Vaccine mandate for on-site workers draws opposition

The mandate took effect this month, with critics branding it unethical

Vaccine mandate for on-site workers draws opposition

The mandatory vaccination for on-site workers in the Philippines is facing opposition from lawmakers as it begins taking effect this month. The mandate, which is enforced by two resolutions from the country's Inter-Agency Task Force (IATF), states that workers who remain unvaccinated against COVID-19 will need to start paying for their own regular RT-PCR tests.

Lawmakers from the country's House of Representatives called on the IATF to suspend the implementation of the mandate as various groups called the resolutions enforcing them as confusing. One party-list representative said there was no clear presentation on the mandate, and it was not consulted properly to the affected workers.

The Makayan bloc also filed a resolution asking President Rodrigo Duterte to repeal the mandate, saying that it is unethical especially if there is discrimination against those unvaccinated. Requiring unvaccinated workers to pay for regular testing is also an additional burden for them, according to the group.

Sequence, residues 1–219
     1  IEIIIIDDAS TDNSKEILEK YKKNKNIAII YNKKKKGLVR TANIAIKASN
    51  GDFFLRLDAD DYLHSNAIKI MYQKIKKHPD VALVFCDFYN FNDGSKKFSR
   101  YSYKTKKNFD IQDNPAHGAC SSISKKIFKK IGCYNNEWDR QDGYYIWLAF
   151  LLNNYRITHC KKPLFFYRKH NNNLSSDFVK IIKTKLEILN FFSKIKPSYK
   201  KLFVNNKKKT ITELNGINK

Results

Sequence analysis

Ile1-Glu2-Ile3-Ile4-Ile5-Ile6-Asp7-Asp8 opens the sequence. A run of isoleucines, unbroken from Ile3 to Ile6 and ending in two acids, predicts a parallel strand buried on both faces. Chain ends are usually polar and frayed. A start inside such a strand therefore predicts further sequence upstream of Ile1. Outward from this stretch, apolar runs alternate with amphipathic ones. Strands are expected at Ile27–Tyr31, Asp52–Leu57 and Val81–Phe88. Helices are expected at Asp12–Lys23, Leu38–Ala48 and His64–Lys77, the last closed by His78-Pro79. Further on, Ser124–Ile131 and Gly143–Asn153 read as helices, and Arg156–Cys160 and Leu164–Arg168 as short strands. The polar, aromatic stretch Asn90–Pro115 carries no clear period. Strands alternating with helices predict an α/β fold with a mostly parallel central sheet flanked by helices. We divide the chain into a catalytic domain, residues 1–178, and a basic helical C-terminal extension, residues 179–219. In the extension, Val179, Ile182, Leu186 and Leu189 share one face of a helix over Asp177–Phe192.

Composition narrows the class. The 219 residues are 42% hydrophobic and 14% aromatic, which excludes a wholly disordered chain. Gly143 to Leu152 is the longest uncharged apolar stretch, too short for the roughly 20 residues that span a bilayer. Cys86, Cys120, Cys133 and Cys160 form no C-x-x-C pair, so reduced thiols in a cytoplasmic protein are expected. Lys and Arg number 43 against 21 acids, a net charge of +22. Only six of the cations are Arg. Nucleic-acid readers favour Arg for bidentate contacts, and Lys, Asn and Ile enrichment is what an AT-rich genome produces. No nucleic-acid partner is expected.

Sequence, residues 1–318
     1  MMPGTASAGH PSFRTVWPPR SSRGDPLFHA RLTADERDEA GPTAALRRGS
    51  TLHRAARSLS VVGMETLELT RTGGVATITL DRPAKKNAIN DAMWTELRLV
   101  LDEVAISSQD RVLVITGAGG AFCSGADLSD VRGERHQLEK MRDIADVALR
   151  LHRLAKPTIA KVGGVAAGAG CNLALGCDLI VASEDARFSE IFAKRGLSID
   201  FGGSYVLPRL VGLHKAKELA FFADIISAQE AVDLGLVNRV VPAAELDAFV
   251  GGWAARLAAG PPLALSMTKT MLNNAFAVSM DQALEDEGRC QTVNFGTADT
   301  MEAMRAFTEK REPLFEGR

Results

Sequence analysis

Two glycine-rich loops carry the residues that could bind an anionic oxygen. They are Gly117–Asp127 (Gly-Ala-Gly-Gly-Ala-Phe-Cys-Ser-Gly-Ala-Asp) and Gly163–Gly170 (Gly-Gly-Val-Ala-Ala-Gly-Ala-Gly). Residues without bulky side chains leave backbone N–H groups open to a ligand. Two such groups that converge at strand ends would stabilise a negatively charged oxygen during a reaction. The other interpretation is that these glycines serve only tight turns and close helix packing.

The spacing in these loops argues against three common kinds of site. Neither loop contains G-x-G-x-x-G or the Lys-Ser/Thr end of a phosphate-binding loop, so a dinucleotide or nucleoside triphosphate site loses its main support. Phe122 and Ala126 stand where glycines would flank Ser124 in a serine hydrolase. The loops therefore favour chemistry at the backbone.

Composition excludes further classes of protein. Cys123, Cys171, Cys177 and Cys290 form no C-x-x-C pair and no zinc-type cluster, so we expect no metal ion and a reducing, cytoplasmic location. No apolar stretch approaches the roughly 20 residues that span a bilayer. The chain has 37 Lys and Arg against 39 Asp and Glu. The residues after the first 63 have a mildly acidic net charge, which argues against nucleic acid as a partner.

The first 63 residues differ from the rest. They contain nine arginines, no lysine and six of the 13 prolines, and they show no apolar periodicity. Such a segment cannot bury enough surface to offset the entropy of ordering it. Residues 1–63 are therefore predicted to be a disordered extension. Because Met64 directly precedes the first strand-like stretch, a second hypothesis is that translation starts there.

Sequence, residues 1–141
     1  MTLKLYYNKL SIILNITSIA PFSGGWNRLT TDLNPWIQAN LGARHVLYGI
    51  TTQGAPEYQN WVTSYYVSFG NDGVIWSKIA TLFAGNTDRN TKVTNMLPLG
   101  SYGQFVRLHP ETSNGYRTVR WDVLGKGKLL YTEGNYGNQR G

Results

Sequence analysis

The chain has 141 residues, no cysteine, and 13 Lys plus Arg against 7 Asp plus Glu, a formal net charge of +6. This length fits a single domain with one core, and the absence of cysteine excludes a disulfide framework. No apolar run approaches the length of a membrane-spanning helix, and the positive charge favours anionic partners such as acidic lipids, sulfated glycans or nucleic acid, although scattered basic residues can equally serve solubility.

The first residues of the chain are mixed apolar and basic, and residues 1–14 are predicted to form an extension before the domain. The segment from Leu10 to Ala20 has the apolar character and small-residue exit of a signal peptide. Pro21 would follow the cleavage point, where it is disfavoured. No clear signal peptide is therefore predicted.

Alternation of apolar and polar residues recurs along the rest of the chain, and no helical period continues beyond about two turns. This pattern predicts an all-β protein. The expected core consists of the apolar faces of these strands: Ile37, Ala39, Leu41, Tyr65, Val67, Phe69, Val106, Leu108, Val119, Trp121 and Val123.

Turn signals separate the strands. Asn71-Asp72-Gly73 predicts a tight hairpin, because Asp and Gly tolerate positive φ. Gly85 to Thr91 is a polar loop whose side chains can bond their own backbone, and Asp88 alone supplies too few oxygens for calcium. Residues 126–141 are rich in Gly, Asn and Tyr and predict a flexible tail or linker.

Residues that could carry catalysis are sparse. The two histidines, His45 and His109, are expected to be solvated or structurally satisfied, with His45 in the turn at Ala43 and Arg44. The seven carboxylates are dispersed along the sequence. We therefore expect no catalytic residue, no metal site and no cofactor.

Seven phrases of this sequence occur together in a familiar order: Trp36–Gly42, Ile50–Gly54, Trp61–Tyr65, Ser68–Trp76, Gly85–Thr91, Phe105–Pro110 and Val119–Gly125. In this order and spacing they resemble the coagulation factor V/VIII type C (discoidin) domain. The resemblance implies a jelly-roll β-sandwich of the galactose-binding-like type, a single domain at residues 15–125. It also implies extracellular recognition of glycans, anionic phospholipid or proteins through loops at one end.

Read more: Philippines labour officials issue '13th month' pay guidelines

A similar call was made in the country's Senate, as Senator Risa Hontiveros calls on the IATF to be recalled. According to Hontiveros, it is not right for the government to make unvaccinated workers pay for COVID-19 tests given that their salaries are not enough. Instead, the government, employers, and associations should encourage workers to get vaccinated instead of punishing them.

She added that consultations with affected sectors should be made, and the health and welfare of workers should be prioritised without forcing or threatening them to get vaccinated.

The vaccine mandate for on-site workers began taking effect this month. Eduardo Año, secretary of the Department of Interior and Local Government, admitted that the government really designed the policy to force workers to get vaccinated.

President Duterte previously said that he would support expanded mandatory vaccinations should the IATF decide to make it a requirement.

Recent articles & video

AIA Malaysia seals deal for 'end-to-end' mental health support

This new online platform connects employers to people with disabilities

'Quiet quitting': The toxic employee trend that's worrying HR

Employees forced back to the office twice as likely to quit than those with choice says new survey

Most Read Articles

How to manage an employee who is not performing

Bill calls for retirement age to be scrapped in the Philippines

Proofpoint names new VP for Southeast Asia and Korea